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Examining what factors mediate treatment effect in chronic low back pain: a mediation analysis of a cognitive functional therapy clinical trial

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dc.contributor.author O'Neill, Aoife
dc.contributor.author O'Sullilvan, Kieran
dc.contributor.author O'Sullivan, Peter B.
dc.contributor.author Purtill, Helen
dc.contributor.author O'Keeffe, Mary
dc.date.accessioned 2020-07-31T13:09:38Z
dc.date.issued 2020
dc.identifier.uri http://hdl.handle.net/10344/9068
dc.description peer-reviewed en_US
dc.description The full text of this article will not be available in ULIR until the embargo expires on the 28/06/2021
dc.description.abstract Cognitive Functional Therapy (CFT) is a physiotherapist-led individualised intervention for people with people with non-specific chronic low back pain (CLBP), involving biopsychosocial pain education, graded movement exposure and lifestyle coaching. A multicentre randomised controlled trial (RCT), including 206 participants with CLBP in Ireland, supported CFT’s effectiveness for reducing disability, but not pain, compared to a group exercise and education intervention. In this study, causal mediation analysis was used to determine whether the effect of CFT on disability and the lack of effect on pain (relative to a group exercise and education intervention) is mediated by certain psychological and lifestyle factors. Hypothesised mediators measured were pain self-efficacy, stress, fear of physical activity, coping, depression, anxiety, and sleep, at 6 months. The outcomes measured were functional disability and pain intensity at 12 months. This causal mediation study shows that the majority of benefit of CFT (relative to a group exercise and education intervention) for disability is due to increasing pain self-efficacy. CFT did not improve the majority of the hypothesised mediators (stress, fear of physical activity, coping, depression, anxiety and sleep) and these mediators were not associated with either disability or pain. Unfortunately, the proportion of missing data in this study is substantial and these findings can only be considered hypothesis-generating. Therefore, future research should examine replicating the results of this study to verify the role of self-efficacy and other proposed mediators (e.g. stress, coping, sleep, fear) on clinical outcomes. en_US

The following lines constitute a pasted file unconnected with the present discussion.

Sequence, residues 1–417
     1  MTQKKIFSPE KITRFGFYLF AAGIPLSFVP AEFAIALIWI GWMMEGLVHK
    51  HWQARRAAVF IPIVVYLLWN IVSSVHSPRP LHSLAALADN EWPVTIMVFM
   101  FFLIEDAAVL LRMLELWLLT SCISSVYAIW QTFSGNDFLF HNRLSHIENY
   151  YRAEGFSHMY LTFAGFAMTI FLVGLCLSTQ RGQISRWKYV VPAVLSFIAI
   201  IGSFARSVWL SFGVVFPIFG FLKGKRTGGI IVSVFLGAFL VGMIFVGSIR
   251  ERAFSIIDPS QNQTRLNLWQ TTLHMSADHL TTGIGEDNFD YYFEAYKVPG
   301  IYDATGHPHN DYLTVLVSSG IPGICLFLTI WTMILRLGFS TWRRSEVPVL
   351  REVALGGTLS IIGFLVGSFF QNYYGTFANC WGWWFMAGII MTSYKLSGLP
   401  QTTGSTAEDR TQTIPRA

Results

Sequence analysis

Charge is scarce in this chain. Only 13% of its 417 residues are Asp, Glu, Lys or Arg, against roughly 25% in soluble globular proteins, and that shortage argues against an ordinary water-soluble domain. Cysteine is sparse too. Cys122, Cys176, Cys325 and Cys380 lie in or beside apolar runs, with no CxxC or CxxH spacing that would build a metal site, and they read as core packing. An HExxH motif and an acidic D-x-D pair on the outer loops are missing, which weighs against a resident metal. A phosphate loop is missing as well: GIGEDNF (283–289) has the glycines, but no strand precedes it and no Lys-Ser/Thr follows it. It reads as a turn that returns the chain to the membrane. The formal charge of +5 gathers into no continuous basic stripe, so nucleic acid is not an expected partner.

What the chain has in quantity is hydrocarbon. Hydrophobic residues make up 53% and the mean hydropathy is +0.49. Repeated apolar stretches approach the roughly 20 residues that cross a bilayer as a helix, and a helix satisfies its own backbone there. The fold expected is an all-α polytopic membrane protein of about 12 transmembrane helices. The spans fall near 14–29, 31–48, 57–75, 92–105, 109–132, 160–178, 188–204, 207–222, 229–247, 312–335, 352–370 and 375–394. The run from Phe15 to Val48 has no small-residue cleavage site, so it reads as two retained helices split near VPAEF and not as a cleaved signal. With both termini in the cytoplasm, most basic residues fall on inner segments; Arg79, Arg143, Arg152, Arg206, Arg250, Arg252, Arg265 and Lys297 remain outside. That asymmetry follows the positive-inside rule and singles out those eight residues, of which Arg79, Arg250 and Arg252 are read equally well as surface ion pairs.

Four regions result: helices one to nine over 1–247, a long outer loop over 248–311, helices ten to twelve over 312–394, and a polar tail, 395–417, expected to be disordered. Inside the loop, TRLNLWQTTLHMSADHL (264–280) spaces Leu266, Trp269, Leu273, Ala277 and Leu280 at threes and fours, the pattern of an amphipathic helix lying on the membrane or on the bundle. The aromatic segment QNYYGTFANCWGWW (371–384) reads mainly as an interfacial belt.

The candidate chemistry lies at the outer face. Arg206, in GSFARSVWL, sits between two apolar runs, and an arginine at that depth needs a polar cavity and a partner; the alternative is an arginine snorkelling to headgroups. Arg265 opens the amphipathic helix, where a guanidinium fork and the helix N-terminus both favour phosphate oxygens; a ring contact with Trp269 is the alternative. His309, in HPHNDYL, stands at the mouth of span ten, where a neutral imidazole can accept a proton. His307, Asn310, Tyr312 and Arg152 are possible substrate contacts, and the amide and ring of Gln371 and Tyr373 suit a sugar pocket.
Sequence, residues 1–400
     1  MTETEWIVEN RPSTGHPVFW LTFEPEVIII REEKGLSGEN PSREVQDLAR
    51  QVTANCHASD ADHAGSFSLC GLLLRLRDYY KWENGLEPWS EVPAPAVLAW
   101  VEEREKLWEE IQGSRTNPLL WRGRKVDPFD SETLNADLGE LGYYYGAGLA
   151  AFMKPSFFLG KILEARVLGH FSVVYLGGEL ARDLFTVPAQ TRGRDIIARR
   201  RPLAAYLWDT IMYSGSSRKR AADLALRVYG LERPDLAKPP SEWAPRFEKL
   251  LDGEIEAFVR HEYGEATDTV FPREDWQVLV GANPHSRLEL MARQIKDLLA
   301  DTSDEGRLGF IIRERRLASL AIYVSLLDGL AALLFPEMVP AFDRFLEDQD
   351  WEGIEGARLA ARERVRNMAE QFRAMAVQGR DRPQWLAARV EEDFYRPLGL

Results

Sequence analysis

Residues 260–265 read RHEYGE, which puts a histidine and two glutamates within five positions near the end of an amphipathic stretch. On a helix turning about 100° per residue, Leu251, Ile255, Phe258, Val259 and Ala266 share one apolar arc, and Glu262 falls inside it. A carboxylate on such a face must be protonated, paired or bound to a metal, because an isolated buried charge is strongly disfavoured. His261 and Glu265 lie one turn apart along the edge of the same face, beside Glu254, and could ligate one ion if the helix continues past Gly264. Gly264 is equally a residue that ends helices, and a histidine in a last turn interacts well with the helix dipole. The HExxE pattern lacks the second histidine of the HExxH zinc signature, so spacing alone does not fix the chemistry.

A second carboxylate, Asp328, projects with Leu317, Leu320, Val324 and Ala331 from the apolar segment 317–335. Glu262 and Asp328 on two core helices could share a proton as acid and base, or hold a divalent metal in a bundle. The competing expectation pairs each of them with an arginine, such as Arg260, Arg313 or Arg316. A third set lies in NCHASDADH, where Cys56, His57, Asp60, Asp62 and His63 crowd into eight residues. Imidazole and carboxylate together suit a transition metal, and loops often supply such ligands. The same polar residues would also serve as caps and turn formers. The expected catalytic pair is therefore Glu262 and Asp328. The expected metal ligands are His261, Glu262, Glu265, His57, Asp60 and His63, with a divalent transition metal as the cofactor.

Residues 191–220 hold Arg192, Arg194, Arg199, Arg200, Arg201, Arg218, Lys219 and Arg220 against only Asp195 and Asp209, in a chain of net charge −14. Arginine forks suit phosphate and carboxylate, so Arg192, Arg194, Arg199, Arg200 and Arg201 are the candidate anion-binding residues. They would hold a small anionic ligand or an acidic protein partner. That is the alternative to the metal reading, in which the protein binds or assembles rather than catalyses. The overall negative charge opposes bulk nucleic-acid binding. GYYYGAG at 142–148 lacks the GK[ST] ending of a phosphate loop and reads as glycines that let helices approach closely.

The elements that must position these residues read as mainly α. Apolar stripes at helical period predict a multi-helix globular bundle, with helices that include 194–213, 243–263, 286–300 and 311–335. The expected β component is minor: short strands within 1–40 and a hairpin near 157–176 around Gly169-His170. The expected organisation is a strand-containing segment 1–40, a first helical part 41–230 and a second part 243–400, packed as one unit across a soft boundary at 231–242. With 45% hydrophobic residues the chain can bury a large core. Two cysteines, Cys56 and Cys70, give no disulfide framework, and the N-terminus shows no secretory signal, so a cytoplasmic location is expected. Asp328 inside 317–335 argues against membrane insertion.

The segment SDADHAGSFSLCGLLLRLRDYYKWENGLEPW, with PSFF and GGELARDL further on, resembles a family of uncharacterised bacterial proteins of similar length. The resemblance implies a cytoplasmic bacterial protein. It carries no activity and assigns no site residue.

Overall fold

dc.language.iso eng en_US
dc.publisher Wiley and Sons Ltd en_US
dc.relation.ispartofseries European Journal of Pain;
dc.relation.uri http://dx.doi.org/10.1002/EJP.1624
dc.rights This is the peer reviewed author version of the following article:Examining what factors mediate treatment effect in chronic low back pain: a mediation analysis of a cognitive functional therapy clinical trial which has been published in final form at http://dx.doi.org/10.1002/EJP.1624 This article may be used for non-commercial purposes in accordance with Wiley Terms and Conditions for Self-Archiving. http://olabout.wiley.com/WileyCDA/Section/id-828039.html#terms en_US
dc.subject cognitive functional therapy en_US
dc.subject mediation analysis en_US
dc.subject low back pain en_US
dc.subject randomised controlled trial en_US
dc.title Examining what factors mediate treatment effect in chronic low back pain: a mediation analysis of a cognitive functional therapy clinical trial en_US
dc.type info:eu-repo/semantics/article en_US
dc.type.supercollection all_ul_research en_US
dc.type.supercollection ul_published_reviewed en_US
dc.identifier.doi 10.1002/EJP.1624
dc.date.embargoEndDate 2021-06-28
dc.embargo.terms 2021-06-28 en_US
dc.rights.accessrights info:eu-repo/semantics/embargoedAccess en_US


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